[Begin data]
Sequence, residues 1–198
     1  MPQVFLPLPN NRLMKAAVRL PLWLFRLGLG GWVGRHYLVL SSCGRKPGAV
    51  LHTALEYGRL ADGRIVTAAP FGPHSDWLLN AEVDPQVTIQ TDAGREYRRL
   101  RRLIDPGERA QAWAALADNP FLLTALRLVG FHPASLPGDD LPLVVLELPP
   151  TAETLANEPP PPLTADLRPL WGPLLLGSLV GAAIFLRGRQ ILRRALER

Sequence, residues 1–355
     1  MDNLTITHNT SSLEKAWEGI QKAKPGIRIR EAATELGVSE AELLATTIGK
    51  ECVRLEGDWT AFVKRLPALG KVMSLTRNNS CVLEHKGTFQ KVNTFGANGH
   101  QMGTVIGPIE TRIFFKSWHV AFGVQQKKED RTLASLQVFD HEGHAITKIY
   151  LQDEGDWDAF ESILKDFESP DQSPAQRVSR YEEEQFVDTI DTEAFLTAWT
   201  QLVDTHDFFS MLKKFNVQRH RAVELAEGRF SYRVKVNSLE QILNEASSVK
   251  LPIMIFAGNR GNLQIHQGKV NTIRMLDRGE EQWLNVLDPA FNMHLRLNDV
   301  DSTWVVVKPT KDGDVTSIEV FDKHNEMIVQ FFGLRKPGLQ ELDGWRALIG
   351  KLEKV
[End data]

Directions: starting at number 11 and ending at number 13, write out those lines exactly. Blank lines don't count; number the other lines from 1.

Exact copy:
   201  QLVDTHDFFS MLKKFNVQRH RAVELAEGRF SYRVKVNSLE QILNEASSVK
   251  LPIMIFAGNR GNLQIHQGKV NTIRMLDRGE EQWLNVLDPA FNMHLRLNDV
   301  DSTWVVVKPT KDGDVTSIEV FDKHNEMIVQ FFGLRKPGLQ ELDGWRALIG